“I wanted to get the word out,” she tells Mesh News Desk today.
And that she has.
Urban created thousands of graphics which she’s launched on many platforms of social media – Facebook, Twitter, and Instagram.
Urban has figured the intricacies of social media such as using a dozen hash tags, #MeshKills, #MeshMaims, #LiveLifeMeshFree, @jnjcares, #jnj, @jnjnews. Social media levels the playing field and puts her up front on the many platforms. Her efforts have generated thousands of followers.
One of the original campaigners online, Jan Urban, aka Janis Hietala, (maiden name) was implanted with an Ethicon TVT Exact, a one-half inch by 18-inch polypropylene strip of mesh placed under the urethra for support. Exact is still on the market, one of four slings made by Ethicon, a division of J&J, that remain on the market.
She had reason to be concerned. Years earlier, a general surgeon, Dr. Dean Borth, told her to never put mesh in your body. Jan remembered what he said and when she was wheeled into the operating room she reiterated “no mesh.”
“All of a sudden my urologist decided to fix me up with mesh. It was December 15, 2011. He never explained it to me. The nurse came in and said you have to sign the permit to operate form and she checked the box. I said, ‘I won’t sign this, he never explained.’ The nurse said he will come in and explain.”
So before surgery, Jan checked the notes. It said retropubic sling. “Is he putting this in me?” she asked. He said yes. “I said, ‘No Mesh. I said I don’t want that shit in my body’.”
He said nonsense I’ve been doing this for years and had no problems.
As Jan was wheeled into the operating room, she says she was yelling, “I don’t want no mesh! I was telling them as I was put under.”
Urban says eight hours after she woke up she was in sheer agony. She couldn’t walk or stand.
“I feel the same pain after that surgery. My legs swelled up, they felt like numb and dragging 10-thousand pounds around. It’s one thing after another. I’ve never gotten well.”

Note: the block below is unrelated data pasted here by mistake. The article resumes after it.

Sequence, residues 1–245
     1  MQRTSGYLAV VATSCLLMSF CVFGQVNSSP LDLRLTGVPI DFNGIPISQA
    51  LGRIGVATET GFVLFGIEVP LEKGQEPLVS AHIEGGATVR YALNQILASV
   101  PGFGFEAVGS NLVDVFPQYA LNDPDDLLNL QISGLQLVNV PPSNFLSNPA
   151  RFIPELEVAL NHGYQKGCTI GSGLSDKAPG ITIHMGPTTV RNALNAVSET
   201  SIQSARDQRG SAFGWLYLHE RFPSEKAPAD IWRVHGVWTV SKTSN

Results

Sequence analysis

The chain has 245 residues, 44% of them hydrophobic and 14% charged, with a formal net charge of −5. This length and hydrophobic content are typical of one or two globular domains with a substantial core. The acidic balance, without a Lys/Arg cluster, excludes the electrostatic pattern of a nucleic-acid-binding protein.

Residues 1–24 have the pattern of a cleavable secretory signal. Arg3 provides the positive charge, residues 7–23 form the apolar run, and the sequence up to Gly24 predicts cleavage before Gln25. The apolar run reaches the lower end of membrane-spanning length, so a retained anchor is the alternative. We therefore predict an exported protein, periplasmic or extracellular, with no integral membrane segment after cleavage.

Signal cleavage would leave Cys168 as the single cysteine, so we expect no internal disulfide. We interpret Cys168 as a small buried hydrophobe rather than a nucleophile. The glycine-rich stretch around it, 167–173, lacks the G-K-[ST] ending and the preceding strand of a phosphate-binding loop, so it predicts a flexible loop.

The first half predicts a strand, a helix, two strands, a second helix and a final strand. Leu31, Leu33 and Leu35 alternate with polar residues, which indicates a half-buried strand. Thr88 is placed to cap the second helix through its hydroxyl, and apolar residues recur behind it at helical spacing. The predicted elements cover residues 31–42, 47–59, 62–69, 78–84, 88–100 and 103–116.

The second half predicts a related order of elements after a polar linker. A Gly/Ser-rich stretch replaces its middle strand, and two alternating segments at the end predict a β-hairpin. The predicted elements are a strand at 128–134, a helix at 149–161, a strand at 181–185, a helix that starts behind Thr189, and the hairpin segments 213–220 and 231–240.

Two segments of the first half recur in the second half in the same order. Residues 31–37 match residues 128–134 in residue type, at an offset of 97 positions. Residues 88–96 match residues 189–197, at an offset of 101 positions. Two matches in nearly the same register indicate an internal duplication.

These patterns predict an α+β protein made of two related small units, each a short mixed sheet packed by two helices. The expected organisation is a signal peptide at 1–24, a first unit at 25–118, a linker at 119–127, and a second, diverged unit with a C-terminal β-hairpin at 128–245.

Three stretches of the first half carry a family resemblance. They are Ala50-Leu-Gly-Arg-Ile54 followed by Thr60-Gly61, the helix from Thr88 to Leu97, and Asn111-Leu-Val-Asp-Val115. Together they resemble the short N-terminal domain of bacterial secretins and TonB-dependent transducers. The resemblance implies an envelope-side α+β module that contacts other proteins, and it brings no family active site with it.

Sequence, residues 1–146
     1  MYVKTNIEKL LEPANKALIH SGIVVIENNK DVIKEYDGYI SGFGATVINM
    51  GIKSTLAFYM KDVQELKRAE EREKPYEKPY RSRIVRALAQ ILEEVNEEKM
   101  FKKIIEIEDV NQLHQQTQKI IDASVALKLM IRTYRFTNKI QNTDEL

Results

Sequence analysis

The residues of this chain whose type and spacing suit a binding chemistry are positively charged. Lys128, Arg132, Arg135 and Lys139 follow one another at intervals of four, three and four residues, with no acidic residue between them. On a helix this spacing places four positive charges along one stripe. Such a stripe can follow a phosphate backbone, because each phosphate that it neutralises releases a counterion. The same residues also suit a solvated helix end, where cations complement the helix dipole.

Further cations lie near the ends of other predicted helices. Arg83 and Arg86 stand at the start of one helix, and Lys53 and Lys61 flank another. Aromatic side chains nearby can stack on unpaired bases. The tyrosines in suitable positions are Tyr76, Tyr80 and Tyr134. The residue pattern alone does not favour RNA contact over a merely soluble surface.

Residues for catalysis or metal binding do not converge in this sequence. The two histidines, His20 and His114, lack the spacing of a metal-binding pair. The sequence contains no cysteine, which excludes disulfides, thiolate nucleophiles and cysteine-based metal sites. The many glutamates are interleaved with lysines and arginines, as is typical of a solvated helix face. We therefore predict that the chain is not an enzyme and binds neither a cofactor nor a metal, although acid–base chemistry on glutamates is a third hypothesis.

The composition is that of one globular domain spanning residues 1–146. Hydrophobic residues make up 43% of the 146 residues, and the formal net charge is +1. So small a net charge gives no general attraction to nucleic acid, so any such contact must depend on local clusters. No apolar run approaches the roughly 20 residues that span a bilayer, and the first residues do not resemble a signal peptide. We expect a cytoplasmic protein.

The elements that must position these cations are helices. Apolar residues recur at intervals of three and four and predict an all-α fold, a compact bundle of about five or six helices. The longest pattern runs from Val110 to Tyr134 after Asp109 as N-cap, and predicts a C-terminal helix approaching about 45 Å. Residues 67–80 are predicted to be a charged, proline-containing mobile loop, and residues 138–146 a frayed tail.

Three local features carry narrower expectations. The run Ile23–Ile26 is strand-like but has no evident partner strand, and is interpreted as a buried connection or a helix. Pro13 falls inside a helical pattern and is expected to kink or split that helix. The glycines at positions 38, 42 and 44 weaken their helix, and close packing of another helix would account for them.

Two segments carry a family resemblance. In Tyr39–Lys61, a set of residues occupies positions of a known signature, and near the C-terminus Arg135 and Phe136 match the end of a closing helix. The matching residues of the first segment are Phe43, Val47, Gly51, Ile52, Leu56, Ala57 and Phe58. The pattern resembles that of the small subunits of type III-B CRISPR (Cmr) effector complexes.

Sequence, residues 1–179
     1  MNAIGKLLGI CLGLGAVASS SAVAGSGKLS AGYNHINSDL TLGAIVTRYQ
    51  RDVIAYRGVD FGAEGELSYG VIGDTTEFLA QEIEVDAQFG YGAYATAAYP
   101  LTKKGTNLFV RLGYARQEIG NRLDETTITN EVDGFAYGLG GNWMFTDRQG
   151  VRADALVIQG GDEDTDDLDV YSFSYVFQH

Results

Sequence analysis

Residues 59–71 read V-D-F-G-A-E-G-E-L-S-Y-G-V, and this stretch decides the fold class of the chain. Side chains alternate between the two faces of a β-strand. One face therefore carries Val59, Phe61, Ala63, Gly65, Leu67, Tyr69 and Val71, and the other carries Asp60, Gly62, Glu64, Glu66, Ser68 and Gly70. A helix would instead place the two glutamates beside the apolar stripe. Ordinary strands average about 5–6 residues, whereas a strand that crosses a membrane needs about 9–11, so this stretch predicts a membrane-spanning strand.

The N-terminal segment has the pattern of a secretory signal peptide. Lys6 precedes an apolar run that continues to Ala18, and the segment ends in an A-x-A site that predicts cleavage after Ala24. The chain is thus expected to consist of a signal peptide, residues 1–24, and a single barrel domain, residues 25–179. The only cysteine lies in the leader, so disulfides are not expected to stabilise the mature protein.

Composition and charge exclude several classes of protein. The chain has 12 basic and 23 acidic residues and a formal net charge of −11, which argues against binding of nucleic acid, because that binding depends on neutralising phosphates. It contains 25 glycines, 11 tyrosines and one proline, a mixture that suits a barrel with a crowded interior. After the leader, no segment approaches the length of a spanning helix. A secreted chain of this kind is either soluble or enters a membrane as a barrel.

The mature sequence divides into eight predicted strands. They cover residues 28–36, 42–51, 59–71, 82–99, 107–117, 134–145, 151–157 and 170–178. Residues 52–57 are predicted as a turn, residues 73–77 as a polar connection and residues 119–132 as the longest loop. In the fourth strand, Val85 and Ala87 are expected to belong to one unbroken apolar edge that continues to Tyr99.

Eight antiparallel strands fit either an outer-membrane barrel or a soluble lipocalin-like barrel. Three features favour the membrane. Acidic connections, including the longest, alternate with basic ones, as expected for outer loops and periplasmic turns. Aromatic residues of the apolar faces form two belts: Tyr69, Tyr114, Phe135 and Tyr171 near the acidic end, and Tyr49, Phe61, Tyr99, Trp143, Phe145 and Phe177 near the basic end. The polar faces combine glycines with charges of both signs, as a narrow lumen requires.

During post-care the surgeon told Jan he didn’t see any problems. The mesh was in the right place.
Jan was undeterred.
“What the F*** did you do to my body,” she says she got right in his face. After that he stopped calling her back. Jan found herself unable to stand up, instead leaning over the back of the couch to relieve pressure in the pelvic region.
Four years later in March 2015, Urban had the Exact mesh removed by Dr. Rooney, noting he was an Irish doctor and the removal took place on St. Patrick’s Day.
“I always find humor in everything.”
But a painful surgical open wound infection landed her in the hospital for five days. Flushed with antibiotics and 10 days of open wound care put her in a state of mental shock, traumatized by the entire episode. Ultimately five types of wound care, including a wound vac, were needed to heal the exposed area.
Over the years she’s had a steady decline in her health including going into heart and organ failure twice. And that’s not all.
Since the removal, she’s also experienced, eye issues and skin issues. Her teeth turned black at the gum line. Psoriasis flared up; her toenails were gone. Jan’s legs would swell from edema resembling an elephant’s legs. Her stomach swells too. It’s a mesh belly that many women experience after their implant. Her left leg drags like she is paralyzed. Bowel and urinary incontinence issues continue and she is on oxygen 24/7.
“It’s the body trying to release toxins,” Jan says. “It’s very common among the mesh community,” she says, as are gall bladder removal. Some women gain women some lose weight. Doctors aren’t following the adverse events. The doctors don’t think it’s the mesh.”
Even Dr. Rooney was skeptical that the polypropylene mesh was creating all of these problems. There’s nothing wrong with the mesh, she heard him tell her husband, Jack. Her doctors continue to deny it’s the mesh even though the issues began after the implant.
Interestingly, her wound care doctor said he sees mesh infections all the time, referring to hernia mesh patients.
“They made up lifetime warns of the medical system- everybody is making money off of me because of my health issues now.”